- Offer Date Night Childcare: Foster parents need time to invest in their marriages as much (if not more) than any other family with children. Many times they have several children and have a hard time finding someone to care for the children so that they can go on a date. Could you give up one night a month to hang out with their kids while they go on a date and strengthen their marriage? Could this be your something?
- Offer Supplies and Meet Physical Needs: Kids are expensive, and foster kids are no exception. For each placement, families need beds, dressers, clothing, and school supplies. If a child is younger, they also need baby gear, car seats, diaper, and the works. Often placements come with no warning, and foster parents don’t know gender and age to prepare. Do you have a crib that your family no longer needs? Find a foster family that has just been placed with a baby and donate. Is your son a clothing size ahead of the foster boy that your friends have? Pass along his outgrown clothes to your friends. Maybe your days of raising kids were long ago, and you have nothing left to donate, could you buy a gift card to a local restaurant and the movie theater to bless the family with a fun night out? Could meeting physical needs be your something?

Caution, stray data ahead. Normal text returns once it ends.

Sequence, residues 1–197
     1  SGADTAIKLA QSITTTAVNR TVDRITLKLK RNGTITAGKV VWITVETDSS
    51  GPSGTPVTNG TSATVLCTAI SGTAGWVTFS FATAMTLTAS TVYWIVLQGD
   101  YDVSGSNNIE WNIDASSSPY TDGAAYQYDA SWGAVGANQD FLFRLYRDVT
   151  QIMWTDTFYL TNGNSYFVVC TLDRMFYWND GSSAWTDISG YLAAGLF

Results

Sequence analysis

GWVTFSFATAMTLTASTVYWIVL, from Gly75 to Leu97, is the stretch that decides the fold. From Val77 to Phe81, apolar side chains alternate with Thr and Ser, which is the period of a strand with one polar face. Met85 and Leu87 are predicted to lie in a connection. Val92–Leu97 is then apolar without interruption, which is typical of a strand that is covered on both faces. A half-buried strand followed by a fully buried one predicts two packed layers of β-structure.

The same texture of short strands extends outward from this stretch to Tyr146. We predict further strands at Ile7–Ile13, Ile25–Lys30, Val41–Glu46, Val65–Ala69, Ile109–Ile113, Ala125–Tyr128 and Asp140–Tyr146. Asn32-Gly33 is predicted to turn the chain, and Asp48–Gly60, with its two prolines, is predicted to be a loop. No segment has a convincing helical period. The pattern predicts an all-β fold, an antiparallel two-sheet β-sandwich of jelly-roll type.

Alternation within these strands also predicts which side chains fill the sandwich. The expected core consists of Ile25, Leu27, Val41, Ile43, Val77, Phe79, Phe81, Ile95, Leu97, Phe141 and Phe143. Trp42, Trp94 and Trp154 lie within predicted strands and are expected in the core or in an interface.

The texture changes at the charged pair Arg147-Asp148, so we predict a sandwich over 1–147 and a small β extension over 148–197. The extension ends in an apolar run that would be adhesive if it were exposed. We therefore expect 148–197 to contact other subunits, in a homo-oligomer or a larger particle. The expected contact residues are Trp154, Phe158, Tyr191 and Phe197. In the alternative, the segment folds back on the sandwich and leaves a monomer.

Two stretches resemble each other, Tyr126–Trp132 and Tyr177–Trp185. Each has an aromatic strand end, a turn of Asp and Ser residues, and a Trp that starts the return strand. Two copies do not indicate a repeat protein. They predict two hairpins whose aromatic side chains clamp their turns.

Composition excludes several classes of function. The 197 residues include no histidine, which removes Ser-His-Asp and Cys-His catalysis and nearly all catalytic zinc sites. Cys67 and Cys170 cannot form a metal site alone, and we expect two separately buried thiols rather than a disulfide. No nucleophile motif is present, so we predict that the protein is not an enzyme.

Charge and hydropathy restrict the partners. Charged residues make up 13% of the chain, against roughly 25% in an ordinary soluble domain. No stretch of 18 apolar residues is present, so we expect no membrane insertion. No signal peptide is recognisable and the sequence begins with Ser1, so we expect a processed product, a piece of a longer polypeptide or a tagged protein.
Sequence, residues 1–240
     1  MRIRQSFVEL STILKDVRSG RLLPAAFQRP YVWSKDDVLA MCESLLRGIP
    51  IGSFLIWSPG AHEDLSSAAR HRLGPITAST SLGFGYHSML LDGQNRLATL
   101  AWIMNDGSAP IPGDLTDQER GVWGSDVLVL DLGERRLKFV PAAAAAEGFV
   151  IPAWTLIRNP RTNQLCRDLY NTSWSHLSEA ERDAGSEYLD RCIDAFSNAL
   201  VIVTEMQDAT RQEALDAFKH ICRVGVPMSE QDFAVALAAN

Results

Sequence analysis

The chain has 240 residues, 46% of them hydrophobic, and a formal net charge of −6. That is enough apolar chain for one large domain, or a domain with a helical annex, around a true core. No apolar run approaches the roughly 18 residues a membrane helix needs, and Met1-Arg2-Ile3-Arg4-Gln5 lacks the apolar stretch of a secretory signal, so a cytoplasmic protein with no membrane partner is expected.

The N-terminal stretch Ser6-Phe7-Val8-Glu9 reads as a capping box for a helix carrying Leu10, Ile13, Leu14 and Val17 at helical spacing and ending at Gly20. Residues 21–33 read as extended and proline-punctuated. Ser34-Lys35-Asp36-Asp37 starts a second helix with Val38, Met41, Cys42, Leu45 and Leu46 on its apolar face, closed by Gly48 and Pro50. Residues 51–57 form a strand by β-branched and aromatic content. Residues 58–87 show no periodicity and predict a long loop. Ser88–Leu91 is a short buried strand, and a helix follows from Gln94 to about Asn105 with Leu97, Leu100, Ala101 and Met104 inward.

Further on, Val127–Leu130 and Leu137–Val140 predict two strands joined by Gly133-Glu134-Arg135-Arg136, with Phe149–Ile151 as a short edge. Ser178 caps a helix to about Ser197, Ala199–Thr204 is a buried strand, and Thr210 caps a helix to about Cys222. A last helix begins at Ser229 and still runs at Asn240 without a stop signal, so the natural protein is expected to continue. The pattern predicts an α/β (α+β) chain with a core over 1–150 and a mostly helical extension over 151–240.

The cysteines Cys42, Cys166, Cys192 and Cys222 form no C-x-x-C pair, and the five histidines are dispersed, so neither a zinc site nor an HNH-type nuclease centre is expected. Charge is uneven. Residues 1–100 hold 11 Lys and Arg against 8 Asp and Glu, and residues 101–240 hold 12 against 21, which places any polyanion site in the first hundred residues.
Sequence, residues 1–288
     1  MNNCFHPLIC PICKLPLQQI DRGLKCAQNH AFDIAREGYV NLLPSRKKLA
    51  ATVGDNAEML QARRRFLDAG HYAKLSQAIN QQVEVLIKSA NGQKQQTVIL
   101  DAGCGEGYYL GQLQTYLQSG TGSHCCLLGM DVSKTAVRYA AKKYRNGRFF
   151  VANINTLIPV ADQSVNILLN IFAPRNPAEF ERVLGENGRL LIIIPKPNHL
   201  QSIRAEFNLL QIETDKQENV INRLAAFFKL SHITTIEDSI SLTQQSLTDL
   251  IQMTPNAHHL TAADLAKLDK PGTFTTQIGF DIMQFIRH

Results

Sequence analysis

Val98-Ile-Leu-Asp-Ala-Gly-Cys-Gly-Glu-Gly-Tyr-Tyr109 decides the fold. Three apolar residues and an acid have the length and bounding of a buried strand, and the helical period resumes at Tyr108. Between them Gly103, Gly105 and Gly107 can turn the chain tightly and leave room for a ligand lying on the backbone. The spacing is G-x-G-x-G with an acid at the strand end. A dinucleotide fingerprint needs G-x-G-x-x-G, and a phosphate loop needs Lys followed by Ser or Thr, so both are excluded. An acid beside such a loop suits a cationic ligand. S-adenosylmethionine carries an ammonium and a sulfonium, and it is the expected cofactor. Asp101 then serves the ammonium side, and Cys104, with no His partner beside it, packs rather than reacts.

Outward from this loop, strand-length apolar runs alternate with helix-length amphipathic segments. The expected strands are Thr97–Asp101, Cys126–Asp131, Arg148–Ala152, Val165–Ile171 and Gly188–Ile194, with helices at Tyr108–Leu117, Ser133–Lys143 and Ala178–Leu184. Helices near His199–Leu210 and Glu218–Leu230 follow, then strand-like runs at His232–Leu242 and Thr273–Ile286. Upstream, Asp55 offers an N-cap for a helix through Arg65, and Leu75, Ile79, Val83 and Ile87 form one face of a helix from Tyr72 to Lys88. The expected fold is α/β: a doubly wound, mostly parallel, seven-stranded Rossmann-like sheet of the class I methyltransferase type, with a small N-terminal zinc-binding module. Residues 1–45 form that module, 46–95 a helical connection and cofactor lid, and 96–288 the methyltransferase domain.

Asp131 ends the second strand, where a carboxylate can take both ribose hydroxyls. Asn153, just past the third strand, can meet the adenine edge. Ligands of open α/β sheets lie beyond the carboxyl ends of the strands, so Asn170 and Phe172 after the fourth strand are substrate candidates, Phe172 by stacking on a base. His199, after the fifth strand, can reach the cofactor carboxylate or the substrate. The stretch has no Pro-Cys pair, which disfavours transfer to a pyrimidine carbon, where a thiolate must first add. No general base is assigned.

Let’s step up as the local church and be the front liners in addressing the foster care crisis. We are all called to care for the fatherless. The question should not be if I will care for the fatherless, but how. Everyone can do something. Find your something.
If you are local to South Central KY, and are looking to serve in one of the above ways please check out our local ministry, Be the Village, on Facebook.
Looking to learn more about what you can do to help? We recommend the book Everyone Can Do Something by Jason Johnson. Get it here on Amazon (Ad).